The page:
By the way, I haven’t even mentioned another important factor: Kentucky’s wild run of success heading into the 2018-2019 season coincides perfectly with their foreign tour to the Bahamas. You think those extra few weeks of practice and games won’t benefit the Wildcats heading into next season? It couldn’t be more valuable.

Add it all up however, and it leads to a zero sum game for Kentucky entering 2018-2019. This team is justifiably hyped and with no obvious holes. It also means that – barring something shocking between now and the end of next season – there will be no excuses for this team either. They are a legitimate favorite to win the national championship, and if they’re unable to, it’s fair to ask if it will happen again anytime soon.

Add it all up and that’s also why the 2018-2019 season might just go down as the most important season of the John Calipari era at Kentucky.

Article written by Aaron Torres

Aaron Torres is covering football and basketball for KSR this season after four years at Fox Sports. Follow him on Twitter @Aaron_Torres, Facebook or e-mail at [email protected] He is also the author of the only book written on the Calipari era, “One and Fun: A Behind the Scenes Look at John Calipari and the 2010 Kentucky Wildcats.”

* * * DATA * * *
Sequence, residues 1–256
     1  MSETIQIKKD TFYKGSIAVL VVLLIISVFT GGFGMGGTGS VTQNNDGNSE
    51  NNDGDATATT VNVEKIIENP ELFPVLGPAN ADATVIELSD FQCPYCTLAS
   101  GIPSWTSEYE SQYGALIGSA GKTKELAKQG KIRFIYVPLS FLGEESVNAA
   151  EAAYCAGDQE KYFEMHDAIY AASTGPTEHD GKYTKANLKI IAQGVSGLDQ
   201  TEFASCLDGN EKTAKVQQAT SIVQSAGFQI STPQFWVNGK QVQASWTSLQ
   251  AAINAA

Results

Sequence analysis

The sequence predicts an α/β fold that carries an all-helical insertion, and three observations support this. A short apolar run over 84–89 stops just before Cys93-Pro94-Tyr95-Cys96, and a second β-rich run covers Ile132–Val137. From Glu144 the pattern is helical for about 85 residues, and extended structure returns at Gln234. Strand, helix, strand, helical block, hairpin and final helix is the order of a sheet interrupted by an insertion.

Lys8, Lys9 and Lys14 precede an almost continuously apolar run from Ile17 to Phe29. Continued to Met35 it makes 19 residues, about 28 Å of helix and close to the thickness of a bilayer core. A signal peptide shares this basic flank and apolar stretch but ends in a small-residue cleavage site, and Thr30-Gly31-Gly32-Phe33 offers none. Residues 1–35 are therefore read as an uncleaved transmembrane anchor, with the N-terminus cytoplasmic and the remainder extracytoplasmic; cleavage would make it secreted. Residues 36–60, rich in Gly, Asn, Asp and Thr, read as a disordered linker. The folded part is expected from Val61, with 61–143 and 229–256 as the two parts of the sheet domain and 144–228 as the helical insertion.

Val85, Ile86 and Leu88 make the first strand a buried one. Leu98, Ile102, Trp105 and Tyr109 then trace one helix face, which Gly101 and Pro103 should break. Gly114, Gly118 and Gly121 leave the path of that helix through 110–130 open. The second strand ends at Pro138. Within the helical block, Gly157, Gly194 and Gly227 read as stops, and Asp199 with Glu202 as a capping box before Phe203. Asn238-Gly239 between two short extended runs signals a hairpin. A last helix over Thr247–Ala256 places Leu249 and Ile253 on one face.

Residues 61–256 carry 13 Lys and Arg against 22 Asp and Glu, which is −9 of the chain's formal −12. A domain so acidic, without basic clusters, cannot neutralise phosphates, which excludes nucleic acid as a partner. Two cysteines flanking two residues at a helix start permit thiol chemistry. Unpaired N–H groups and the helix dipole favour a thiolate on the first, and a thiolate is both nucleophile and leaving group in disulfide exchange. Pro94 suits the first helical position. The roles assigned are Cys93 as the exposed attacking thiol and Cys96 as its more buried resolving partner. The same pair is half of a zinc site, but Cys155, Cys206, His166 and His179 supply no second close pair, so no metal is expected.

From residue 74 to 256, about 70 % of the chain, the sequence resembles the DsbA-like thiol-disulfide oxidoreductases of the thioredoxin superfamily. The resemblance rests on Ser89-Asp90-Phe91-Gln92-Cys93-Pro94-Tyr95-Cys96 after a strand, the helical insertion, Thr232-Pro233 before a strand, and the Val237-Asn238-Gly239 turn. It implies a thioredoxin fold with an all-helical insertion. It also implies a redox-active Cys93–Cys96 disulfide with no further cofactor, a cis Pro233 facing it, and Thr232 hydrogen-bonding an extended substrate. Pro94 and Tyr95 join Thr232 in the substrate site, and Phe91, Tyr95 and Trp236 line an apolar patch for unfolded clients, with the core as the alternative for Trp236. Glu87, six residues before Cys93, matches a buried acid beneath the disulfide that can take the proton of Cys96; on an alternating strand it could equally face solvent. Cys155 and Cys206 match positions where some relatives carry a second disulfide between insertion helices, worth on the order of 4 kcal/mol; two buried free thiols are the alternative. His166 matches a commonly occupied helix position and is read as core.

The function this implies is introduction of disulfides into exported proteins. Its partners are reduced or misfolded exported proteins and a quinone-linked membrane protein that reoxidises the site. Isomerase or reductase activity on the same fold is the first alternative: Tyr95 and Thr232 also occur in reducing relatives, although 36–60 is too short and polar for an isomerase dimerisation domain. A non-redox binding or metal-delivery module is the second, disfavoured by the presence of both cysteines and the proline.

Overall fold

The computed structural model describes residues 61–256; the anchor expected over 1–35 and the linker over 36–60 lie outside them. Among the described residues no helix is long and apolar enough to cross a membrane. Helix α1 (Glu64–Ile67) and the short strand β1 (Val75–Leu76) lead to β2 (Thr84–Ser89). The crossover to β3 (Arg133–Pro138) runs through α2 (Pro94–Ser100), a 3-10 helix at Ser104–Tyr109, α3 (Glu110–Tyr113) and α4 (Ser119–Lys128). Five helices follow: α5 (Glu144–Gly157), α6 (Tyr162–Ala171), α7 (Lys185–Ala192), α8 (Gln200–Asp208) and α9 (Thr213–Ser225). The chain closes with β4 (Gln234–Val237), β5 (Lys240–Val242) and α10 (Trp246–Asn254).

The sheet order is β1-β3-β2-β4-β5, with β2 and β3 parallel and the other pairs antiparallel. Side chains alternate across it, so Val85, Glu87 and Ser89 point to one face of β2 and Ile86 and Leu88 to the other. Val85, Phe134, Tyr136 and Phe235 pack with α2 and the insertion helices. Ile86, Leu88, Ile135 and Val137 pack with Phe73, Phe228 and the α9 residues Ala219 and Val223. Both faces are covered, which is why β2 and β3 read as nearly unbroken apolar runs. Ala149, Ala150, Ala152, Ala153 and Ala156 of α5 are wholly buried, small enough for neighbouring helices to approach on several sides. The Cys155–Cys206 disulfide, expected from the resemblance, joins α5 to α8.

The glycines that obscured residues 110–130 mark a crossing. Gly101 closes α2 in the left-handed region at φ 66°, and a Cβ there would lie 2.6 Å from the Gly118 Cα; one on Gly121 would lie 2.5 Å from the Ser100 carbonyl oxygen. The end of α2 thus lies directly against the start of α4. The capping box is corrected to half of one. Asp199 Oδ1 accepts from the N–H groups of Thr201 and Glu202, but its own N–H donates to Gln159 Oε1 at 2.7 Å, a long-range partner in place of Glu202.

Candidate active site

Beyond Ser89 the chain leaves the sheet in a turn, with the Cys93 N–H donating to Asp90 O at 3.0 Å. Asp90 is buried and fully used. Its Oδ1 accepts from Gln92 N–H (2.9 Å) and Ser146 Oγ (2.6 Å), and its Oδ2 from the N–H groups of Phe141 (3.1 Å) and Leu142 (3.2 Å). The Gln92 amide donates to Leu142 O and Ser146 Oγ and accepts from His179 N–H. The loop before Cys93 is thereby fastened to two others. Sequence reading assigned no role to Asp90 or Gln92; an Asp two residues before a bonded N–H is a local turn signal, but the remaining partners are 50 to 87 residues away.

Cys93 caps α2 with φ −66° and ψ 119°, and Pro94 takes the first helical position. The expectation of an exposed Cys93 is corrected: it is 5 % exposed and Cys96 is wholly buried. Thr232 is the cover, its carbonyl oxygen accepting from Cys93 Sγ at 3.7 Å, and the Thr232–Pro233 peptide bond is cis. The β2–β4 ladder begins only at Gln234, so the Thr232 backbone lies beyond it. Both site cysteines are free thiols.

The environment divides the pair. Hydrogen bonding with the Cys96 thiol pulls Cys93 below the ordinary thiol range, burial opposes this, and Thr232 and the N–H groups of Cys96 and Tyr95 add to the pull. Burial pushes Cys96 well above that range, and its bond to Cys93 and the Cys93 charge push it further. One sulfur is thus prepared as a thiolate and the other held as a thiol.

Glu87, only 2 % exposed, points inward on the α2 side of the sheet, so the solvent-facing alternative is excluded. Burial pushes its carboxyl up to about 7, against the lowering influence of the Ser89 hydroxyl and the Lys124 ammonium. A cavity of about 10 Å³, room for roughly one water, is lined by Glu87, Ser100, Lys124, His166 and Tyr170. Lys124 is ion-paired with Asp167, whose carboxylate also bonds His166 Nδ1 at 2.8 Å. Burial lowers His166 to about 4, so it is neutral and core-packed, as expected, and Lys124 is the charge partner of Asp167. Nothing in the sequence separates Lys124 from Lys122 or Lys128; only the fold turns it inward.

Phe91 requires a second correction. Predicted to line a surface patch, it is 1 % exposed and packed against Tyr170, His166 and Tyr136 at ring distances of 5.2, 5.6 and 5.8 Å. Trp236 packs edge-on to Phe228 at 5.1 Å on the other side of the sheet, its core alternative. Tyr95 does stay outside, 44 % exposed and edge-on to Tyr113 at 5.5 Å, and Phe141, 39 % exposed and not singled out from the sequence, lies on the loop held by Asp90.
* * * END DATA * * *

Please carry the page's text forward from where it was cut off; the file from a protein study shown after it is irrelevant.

16 responses to “Why the 2018-2019 Season Might be the Most Important of the Calipari Era”

  1. JTA

    I’m extremely excited, and nervous/anxious, much like going into the 2012 and 2015 seasons.

  2. Tom Bombadil

    This next season is going to be a blast!!

  3. Cokely53

    Welcome to KSR where every season, every game, every player, every recruit, every play is the biggest one ever… well until the very next one

    1. UKfaninTX

      Go away, troll.

    2. Cokely53

      Not a troll. It’s just true, pay attention during football season. It’s already been called stoops most important one. But so was last years

  4. nschulte13

    I’m at my regular (high) level of excitement for next season. I’m just going to wait until after the Bahamas, in part for proof, but also just to get closer to the actually season, before I start getting really psyched about next season.

  5. UKfaninTX

    As a true fan, I’m excited every year. Top recruits or grad transfers or not, I’m a Kentucky Basketball fan first. Slack-jawed ninnny-muggins-complainy-butts who try to manage their feelings by not getting hyped for a season of basketball or throwing shade on Cal or these players can go away and hide in their holler.

  6. Luether

    Another excellent post, as usual, Aaron! I said the same things about the 2015 team. Hope this will finally result in #9. Frankly, anything else will be a bit disappointing…

  7. rlburd2